Yet audit and other counter-simulation systems are
typically treated as afterthoughts in the design of incentive
management systems. The school accountability movement is a good
example here. There are many ways of cheating on standardized tests
other than doctoring the answer keys or even using questions from the
test in class exercises. Simulation strategies come in a wide range of
subtleties, and no doubt all of them are being used.
we're literally training children to answer examinations, all school
tests are merely proxies for things we really care about. It isn't hard
to find ways of producing proxy results instead of real ones, for
example by drilling students in four-term verbal analogies [Apple is to
pear is catfish is to: 1) cat 2) salmon 3) fish 4) seafood 5) none of
the above.] The ability to solve such puzzles quickly (and not too
quirkily) isn't a bad proxy measure for a certain kind of reasoning and
interpretive skill, but it's hardly valuable enough to rate the hour a
week it took out of my 11th-grade English class. The goal back then was
to fool the SAT test to get students into good colleges, rather than
fooling the state to get raises for teachers, but the strategy was the
Test results at the level of the school can also be
influenced by managing the population tested; if all the worst students
transfer to other schools, the average score will surely go up. For
better or worse, expulsion has been made difficult, but there are other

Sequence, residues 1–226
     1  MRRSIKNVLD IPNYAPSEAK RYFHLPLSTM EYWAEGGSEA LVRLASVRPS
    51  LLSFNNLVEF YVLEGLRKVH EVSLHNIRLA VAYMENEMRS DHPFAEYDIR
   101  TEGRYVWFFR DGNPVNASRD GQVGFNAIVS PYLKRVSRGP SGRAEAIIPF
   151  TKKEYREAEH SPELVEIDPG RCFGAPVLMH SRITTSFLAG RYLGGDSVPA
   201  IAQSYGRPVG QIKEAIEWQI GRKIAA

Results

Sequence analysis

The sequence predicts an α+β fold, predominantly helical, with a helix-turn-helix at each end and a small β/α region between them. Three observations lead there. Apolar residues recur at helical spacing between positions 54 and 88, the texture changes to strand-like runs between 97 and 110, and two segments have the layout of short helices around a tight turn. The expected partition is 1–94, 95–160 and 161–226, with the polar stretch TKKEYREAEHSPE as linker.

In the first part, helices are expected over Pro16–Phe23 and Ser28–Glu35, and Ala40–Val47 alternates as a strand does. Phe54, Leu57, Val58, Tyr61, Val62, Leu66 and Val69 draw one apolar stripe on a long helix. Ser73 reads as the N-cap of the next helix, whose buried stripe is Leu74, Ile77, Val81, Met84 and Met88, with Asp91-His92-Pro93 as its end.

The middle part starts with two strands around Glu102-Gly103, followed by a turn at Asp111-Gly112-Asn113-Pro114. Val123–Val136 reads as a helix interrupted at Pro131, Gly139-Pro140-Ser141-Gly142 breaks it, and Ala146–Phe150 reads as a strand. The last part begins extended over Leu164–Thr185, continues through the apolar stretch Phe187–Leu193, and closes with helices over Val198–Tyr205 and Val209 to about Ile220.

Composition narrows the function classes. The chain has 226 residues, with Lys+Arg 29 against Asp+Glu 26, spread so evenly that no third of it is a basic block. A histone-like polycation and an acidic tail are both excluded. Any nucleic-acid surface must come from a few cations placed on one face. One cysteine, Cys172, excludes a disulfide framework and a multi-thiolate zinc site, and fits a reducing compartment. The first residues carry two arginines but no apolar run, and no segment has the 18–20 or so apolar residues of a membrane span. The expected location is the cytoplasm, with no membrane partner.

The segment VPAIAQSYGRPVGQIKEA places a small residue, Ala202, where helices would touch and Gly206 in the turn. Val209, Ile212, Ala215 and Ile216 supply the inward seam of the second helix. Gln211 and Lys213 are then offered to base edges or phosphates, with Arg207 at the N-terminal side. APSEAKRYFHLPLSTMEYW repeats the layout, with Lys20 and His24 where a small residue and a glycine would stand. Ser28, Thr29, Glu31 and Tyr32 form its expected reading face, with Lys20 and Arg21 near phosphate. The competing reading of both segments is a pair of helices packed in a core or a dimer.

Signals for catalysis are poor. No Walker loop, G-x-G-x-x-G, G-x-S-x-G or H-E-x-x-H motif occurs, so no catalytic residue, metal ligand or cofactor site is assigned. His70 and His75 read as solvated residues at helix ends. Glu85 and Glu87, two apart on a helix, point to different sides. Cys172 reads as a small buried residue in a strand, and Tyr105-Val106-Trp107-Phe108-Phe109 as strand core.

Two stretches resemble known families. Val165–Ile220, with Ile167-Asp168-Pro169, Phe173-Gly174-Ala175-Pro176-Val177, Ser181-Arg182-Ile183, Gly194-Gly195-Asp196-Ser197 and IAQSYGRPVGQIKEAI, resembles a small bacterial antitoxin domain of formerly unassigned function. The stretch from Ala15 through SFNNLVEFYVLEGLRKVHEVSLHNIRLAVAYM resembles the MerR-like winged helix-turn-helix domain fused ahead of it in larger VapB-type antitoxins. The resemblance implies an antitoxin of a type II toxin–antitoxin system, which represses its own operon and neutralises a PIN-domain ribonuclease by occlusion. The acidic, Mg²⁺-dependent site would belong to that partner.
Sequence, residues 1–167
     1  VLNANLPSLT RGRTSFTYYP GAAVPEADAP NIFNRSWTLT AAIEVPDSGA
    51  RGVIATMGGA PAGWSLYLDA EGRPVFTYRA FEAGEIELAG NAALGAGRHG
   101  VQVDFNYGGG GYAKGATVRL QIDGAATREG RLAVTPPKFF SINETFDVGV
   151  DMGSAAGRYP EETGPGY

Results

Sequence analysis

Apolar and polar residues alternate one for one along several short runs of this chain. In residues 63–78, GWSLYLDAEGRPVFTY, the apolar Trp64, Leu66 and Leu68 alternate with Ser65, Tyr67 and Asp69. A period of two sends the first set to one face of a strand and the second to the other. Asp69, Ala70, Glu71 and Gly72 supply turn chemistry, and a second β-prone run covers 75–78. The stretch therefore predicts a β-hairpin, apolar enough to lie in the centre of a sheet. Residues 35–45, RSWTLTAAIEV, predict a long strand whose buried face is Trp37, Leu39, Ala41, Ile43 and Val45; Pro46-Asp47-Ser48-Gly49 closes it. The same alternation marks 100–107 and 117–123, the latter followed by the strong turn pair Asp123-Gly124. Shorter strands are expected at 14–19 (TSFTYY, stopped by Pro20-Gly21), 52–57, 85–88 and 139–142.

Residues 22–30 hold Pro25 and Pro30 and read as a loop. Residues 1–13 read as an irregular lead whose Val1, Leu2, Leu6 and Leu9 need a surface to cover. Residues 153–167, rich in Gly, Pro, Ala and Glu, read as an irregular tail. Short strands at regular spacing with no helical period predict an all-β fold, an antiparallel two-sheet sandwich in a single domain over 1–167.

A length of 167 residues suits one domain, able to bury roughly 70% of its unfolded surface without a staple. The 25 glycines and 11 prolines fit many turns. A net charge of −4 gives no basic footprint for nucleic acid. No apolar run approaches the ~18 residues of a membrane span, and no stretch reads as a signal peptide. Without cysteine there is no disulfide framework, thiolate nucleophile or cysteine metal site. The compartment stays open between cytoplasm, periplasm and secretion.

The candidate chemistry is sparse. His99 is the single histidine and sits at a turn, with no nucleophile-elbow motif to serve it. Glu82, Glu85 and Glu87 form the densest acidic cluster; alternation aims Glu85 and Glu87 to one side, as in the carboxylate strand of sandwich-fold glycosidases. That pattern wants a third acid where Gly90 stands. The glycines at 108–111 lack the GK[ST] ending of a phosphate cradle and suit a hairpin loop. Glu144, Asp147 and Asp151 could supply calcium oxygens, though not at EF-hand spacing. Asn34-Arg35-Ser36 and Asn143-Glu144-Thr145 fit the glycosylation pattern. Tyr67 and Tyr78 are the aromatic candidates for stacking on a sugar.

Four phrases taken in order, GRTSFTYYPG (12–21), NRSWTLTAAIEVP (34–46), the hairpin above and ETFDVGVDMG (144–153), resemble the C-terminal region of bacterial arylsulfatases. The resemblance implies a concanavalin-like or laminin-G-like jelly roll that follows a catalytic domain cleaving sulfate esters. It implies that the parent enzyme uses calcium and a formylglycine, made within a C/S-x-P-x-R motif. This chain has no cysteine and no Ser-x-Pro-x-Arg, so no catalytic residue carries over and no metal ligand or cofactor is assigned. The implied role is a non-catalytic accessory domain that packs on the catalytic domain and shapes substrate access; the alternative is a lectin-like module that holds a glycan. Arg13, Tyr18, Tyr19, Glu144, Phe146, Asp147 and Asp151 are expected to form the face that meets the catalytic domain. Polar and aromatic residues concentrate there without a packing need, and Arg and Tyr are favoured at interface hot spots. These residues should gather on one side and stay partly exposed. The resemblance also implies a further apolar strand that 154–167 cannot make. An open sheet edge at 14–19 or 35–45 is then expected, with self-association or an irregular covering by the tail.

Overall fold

ways - incentive-based ways, many of them - to induce the weaker
players to leave the game.
At the other extreme of subtlety,
dropping art and music (or even reducing hours spent on science and
history) and substituting more hours of reading can be thought of
either as cheating (by degrading a set of valued characteristics that
the tests don't happen to measure) or as simply responding as intended
to an incentive system designed to produce literacy at virtually all
costs. In such cases, discussion of the simulation risks and
counter-simulation strategies will require a discussion of just what it
is that the incentive system is trying to produce, and therefore what
it is that the tests are intended to measure.
counter-simulation measures to back up testing, are, of course,
overhead costs of education, as opposed to direct instructional costs.
Many of those most enthusiastic about testing as a management tool in
public education also advocate reducing spending on overhead items, and
in particular central administration, to concentrate resources on
direct instruction. Those two positions may not be in contradiction—there are, obviously, other categories of overhead—but they
certainly are in tension.
My point is not that high-stakes
standardized testing for educational management is good or bad, but
rather that and discussion of that issue without a parallel discussion
of simulation strategies and counter-simulation strategies is
hopelessly inadequate. At minimum, each proposed measure has to pass
the benefit-cost test of being worth more than the resources required
to create and maintain a monitoring system good enough to keep
result-simulation down to an acceptable level.